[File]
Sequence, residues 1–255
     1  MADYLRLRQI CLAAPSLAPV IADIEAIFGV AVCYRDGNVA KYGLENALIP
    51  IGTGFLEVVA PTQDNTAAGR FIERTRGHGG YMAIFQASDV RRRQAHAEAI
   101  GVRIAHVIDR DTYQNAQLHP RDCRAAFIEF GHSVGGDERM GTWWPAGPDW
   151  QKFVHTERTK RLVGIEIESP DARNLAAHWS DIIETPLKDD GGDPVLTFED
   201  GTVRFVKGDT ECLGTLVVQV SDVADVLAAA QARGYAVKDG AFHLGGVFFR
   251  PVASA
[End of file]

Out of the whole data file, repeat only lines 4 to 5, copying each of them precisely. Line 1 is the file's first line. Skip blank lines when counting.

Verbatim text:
   101  GVRIAHVIDR DTYQNAQLHP RDCRAAFIEF GHSVGGDERM GTWWPAGPDW
   151  QKFVHTERTK RLVGIEIESP DARNLAAHWS DIIETPLKDD GGDPVLTFED